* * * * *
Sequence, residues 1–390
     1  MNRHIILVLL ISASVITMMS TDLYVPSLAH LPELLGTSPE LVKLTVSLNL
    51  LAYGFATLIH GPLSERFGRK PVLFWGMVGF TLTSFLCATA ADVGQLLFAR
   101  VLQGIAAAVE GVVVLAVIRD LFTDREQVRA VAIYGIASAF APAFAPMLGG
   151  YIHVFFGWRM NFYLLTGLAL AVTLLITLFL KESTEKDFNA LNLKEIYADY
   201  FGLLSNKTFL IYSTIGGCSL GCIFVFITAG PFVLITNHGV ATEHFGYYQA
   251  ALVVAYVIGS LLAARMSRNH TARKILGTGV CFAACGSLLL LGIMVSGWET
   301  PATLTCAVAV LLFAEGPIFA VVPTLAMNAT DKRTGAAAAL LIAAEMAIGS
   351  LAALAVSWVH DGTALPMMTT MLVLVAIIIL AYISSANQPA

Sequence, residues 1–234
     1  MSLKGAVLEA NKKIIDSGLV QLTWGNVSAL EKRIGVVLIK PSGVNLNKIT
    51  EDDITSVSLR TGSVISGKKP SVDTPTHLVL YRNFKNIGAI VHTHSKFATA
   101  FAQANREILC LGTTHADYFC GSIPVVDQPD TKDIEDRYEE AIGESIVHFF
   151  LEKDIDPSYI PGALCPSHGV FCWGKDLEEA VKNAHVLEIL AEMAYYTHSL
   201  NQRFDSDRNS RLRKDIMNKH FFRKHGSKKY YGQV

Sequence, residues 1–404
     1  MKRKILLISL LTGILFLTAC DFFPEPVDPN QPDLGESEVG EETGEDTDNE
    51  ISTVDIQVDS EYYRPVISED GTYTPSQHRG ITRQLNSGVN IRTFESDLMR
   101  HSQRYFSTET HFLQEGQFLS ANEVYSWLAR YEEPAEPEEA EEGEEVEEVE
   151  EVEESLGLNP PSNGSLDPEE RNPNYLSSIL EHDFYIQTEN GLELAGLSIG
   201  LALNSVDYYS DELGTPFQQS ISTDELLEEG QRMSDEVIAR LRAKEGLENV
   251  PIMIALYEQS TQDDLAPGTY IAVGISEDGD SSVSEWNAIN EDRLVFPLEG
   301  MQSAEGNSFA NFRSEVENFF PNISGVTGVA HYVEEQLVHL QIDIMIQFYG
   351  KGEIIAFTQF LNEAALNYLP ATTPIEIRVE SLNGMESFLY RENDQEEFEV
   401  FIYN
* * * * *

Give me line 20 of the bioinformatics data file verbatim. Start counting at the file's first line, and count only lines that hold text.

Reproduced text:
   151  EVEESLGLNP PSNGSLDPEE RNPNYLSSIL EHDFYIQTEN GLELAGLSIG